I took the light rail to the Mall of America on a whim on Sunday where I encountered an interesting sight. Walking along the second floor of the mall past the rotunda where Boy Scouts were racing their Pine Derby cars, I looked down over the rail of the walkway down to the first floor and a store caught my eye.
I noticed the clean, comfortable interior: well-lit with soft-colored floor and walls and a spacious layout. It was both attractive and familiar, but then I noticed the emblem above the door–large, glowing square quartered in red, green, blue, and yellow–which I’d never seen in this setting:
It was the Microsoft Store.
Curious, I took the next escalator down and approached the Microsoft Store when I noticed, directly across the hall from it, a very similar-looking store. The logo above the door of it was a glowing white apple with a bite out of it.
To my left:
To my right:
Doing a little reading, I found out there are several Microsoft Stores around the country located near Apple Stores. If Microsoft requests this, it’s a bold move. Due to the proximity some might say, “Whoa, Microsoft is keeping up with Apple.” or, upon further inspection, “Geez, Microsoft’s products really are better than Apple’s.” (Or vice-versa.) However, I think the most obvious reaction from people must be, “Boy, did Microsoft copy the Apple Store!”
Since 2000 or so, Apple has been the leader in innovating technology: music and music players, phones, tablets. Their leadership status with each of their products had been cemented when the rest of the tech world followed. Seeing these two stores puts another feather in Apple’s hat: sales and showmanship. (Still, all this does fall under the Steve Jobs umbrella which he, unfortunately, cannot hold any longer. I’m holding my breath for Apple’s first post-Jobs breakthrough as are stockholders, seeing Apple shares drop 40% since his death.)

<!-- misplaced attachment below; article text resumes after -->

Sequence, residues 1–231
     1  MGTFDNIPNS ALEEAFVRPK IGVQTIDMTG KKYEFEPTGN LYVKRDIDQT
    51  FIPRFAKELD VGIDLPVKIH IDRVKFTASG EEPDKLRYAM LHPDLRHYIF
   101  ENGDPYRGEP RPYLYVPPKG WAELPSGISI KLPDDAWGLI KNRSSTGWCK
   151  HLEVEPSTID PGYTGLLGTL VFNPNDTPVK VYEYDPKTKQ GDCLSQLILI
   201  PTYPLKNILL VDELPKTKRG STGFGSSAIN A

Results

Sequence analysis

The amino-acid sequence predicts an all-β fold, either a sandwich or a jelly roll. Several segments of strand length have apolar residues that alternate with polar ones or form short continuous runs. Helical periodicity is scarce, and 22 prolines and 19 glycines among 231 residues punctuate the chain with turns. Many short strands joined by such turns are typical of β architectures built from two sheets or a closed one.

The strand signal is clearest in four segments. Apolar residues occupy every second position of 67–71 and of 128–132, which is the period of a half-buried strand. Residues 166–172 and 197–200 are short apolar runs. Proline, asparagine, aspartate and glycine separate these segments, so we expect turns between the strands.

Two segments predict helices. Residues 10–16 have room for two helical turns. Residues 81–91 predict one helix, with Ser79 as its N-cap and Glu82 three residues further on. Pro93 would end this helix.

Nonetheless, Apple evidently maintains its “it” factor in the tech world, their store busier than the one across the hall:
So Apple created the standard for stores as well, and Microsoft is chasing the leader once again. That being said, Microsoft’s store is very nice and their products impressive. These outlets are wonderful places to spread the word about their offerings and hopefully sell a few pieces along the way. Their ubiquitous computer operating system is on display in choice laptops by Lenovo, Sony, and other top-of-line-models. Their mobile operating system is shown on attractive HTC and Nokia handsets.
Cell phones and laptops are nothing new, but I’m betting most don’t know too much about their version of the iPad: The Surface. A nice employee (who stood at the entrance–like Apple–and dressed–like an Apple employee) was a big help in explaining this new device which sat upon wooden tables (again like the Apple Store). Surface tablet, though, is more laptop-like with a screen cover that doubles as a keyboard. It also has inputs that other tablets don’t such as USB. It’s fills a niche as I could see myself benefiting from should I plop down the money for a price which is similar to iPad territory.
Finally, Microsoft can show off its product with which Apple cannot compete: Xbox. Seeing kids (and grown men) playing the newest version of NBA Live on jumbo monitors was fun. Seeing others play Xbox on a large computer monitor showed me something I didn’t know could be done.
I’m not a huge Microsoft fan or anything, but did spend a decent amount of time in their store and now writing about it because whereas we all know about iPads and iPods, I’m betting most readers are about as familiar with their stores and products as I had been. So a rundown helps widen our view of the goings-on in technology and retail.